Why I serve

If you are reading this, I must say thank you to our American Legion. Somehow, they must see some modicum of value in the words that follow.

My legion post has been around for a very long time, and like so many, it has gone through its ups and downs. In many ways, it is not much different from any organization. It has those few people who volunteer for everything, sometimes without being asked. There are those who cannot physically give to the post, but I am sure that in the past they did. There is a group who used to give all they could and for one reason or another got tired. Not meaning to cast any pall on anyone, there are those who are members and do not, for one reason or another, give. This does not mean they are any less than others. They are all valuable people.

About my post. If you ask most people in Elwood, they will say that the American Legion Post is a bar. In many places, including Elwood, that has a bad connotation. I see my post as a place where veterans and their families can come together to take care of the needs of veterans and our community. While it is true that we do sell alcohol, what many do not know is that we do a lot more. Oh, we sell food, too.

I volunteer at my post and fill the positions of finance officer, service officer and public service officer. Yes, they demand time, but if I am watching television, that takes time as well. If you ask why I volunteer, it is simple. I will take you outside the building, randomly select one of the bricks that makes up the outer wall and tell you that I am no more important than that brick, but I am part of many bricks that make us who we are. I consider it an honor to serve the veterans and their families who come through our doors.

Each veteran is a story in history, and together they add their colors to the history of a great nation. Each story is unique. Two veterans can serve side by side, but their stories will be different because of what they saw and interpreted.

There is Greg Poe, our commander. Greg is a crusty old Marine who served in Vietnam. I have learned that his tour was nothing fun or exciting, but even today, you can tell from a long distance that he is still a Marine. If you are ever in doubt, see him on the street and yell out “Hey Marine,” and I can pretty much guarantee that he will stop and look. As a post commander, I feel we could not ask for a better person. While it is true that the American Legion has written much about how a post commander should fulfill his/her duties, Greg takes it to a personal level and cares deeply about every single person. This is something that you cannot put in a book and he has mastered it.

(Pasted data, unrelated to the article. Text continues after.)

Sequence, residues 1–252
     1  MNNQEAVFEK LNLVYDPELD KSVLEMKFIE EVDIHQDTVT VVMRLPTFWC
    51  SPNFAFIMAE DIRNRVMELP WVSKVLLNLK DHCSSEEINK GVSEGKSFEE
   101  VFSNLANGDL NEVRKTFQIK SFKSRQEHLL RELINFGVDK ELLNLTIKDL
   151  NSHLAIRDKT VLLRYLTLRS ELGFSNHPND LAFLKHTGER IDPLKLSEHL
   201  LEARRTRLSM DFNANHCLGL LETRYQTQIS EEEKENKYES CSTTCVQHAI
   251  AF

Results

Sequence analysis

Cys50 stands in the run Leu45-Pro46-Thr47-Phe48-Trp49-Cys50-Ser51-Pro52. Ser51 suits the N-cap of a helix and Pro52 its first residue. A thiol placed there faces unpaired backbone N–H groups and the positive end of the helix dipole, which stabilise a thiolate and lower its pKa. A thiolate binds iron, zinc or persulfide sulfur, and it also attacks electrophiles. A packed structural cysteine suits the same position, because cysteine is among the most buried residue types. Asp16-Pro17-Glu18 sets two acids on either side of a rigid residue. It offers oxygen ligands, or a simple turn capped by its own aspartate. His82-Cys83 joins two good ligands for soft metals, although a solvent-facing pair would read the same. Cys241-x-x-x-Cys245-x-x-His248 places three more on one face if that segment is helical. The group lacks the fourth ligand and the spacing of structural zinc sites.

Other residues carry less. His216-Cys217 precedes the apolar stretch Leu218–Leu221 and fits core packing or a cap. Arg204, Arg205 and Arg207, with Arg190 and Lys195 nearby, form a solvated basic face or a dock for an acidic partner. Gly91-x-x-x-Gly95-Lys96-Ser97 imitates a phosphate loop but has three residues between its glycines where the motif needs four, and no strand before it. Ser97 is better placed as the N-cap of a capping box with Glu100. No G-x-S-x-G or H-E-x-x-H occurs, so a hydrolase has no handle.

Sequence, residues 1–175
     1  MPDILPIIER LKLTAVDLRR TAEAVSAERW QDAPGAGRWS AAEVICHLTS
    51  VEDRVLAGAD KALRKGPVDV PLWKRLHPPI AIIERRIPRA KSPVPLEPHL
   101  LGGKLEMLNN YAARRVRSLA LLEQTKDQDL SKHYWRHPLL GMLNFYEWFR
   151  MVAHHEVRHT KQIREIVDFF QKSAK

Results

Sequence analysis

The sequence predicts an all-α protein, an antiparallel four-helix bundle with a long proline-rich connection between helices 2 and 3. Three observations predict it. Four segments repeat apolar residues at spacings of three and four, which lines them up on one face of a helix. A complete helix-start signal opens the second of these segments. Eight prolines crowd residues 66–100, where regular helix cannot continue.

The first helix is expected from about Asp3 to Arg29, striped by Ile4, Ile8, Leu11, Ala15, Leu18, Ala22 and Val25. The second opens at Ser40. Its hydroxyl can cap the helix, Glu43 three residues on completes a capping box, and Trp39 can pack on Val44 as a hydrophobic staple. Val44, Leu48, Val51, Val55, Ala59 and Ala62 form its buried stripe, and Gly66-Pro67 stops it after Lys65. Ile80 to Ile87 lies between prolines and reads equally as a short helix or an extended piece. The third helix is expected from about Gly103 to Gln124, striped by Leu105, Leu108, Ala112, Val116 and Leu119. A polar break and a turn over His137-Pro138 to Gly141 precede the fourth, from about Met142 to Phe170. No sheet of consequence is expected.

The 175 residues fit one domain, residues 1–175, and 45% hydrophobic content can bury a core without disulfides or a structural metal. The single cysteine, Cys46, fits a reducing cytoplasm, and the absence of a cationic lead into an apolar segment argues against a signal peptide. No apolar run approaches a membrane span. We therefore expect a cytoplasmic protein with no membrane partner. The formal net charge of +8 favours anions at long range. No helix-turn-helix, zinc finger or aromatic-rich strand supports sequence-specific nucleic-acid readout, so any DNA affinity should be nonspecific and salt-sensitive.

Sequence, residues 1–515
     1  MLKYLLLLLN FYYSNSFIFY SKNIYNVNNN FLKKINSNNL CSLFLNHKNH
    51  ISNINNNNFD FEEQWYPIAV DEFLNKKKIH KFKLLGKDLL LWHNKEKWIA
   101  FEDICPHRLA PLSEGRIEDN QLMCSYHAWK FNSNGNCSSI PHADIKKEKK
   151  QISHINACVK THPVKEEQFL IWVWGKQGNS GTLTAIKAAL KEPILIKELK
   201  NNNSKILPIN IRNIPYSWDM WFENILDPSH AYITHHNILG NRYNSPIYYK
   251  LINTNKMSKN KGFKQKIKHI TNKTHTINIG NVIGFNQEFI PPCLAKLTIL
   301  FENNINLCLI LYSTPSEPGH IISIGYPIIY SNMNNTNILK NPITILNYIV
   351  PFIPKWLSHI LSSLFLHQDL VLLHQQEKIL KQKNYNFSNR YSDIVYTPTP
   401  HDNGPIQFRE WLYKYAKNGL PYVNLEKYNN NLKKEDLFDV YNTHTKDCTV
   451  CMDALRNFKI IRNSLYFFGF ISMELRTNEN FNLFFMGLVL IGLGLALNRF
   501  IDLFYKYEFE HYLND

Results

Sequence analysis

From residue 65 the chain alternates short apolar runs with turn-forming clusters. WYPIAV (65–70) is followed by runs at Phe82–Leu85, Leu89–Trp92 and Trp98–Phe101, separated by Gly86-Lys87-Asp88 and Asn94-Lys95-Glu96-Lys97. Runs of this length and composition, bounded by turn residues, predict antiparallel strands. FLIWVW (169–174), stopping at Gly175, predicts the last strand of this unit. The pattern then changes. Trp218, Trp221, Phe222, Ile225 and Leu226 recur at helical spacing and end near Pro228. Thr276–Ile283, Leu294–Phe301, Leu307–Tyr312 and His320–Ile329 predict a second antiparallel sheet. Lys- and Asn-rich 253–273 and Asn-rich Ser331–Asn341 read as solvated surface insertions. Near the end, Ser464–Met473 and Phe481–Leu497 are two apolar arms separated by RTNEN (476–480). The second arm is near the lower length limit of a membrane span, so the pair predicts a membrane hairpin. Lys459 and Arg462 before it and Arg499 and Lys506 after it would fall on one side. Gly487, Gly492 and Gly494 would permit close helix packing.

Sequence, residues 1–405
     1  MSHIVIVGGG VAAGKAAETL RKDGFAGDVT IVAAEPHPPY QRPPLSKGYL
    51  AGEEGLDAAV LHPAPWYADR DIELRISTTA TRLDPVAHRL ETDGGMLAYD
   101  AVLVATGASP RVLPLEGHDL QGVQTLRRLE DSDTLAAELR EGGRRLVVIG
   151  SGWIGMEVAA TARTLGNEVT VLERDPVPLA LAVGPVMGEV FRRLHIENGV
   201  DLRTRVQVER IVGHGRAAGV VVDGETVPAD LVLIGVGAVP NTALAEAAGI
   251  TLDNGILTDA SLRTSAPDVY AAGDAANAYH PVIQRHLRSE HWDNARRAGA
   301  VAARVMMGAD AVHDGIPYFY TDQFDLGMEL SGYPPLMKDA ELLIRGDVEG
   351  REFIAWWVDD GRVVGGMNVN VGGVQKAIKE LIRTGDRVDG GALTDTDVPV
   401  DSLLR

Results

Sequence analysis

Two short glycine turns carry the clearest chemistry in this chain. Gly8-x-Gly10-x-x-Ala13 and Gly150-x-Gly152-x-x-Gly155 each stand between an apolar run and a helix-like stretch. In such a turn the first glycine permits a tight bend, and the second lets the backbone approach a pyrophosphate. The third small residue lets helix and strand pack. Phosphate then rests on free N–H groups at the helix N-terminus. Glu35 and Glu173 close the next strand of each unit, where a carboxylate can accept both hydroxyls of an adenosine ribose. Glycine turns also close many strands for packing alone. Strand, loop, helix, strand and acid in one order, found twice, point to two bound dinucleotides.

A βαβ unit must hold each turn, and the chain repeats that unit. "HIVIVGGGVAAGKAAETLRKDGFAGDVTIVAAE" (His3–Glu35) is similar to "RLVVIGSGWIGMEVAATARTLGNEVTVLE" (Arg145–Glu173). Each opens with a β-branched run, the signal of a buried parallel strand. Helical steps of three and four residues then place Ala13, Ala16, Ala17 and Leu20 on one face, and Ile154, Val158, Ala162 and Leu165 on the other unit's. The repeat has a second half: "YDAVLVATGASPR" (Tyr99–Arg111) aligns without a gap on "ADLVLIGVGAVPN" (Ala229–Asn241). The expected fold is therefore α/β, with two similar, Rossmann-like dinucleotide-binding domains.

Our adjutant, Gene Herkless is a Korean War veteran. After all of these years, you can see the pride he has in his service. While others today still debate the fact of Korea being a war, Gene knows it was. I would never doubt him, and with people being killed by an enemy force, that is pretty much the definition of a war. Gene will tell you in a heartbeat that he is not tech savvy, and like many he knows a few things about texting and maybe some Facebook or email, but beyond that he shows that he is unsure. There is nothing wrong with that. Along with his duties as adjutant, he handles post membership. For those who do that job, you know how much work that is. He reads all of the guidance that is put out by the American Legion, but as we discussed, when you hear anyone say, “just do it this way,” the person really has not been to your post or tried all of that in your community. Gene works with people and not numbers.

Every day at about 3:30 p.m. Jim Sites comes in. He always has a single diet root beer. I find myself always amazed by the things he has told me about being in Vietnam. Like the others, I am so honored to know him. I get the impression that Jim has been a member a long time and has weathered both the good and bad times.

Our members are from all the wars going back to World War II. Yes, we have a few of those great people around, and if any one wishes to know, I consider them a national treasure. There is Carl Scott. If you ask me, he is a great Marine and loves talking about meeting Chesty Puller. Only a Marine would know that name and would be envious of Carl for having the honor of meeting General Puller.

If you come in our doors, and look at the wall to the south, you will see a group of pictures going back to 1919 when our post was founded. Somewhere along the line we stopped putting up the pictures of our post commanders, but with luck we can fix that soon.

I know that I am writing this about my American Legion Post, but you can be rest assured that I feel the same way about the VFW post that has honored me by accepting me as a member. VFW Post 5782 is just as important to me as Louis Monroe Memorial Post 53. If either of them needs my help, all they need do is ask and I will do my best to serve those who gave me the right and ability to serve our nation.

So, why do I serve? It is simple. It is my honor to serve; to never judge, and never let the needs of a veteran or his/her family members go unattended.

« Previous story
Next story »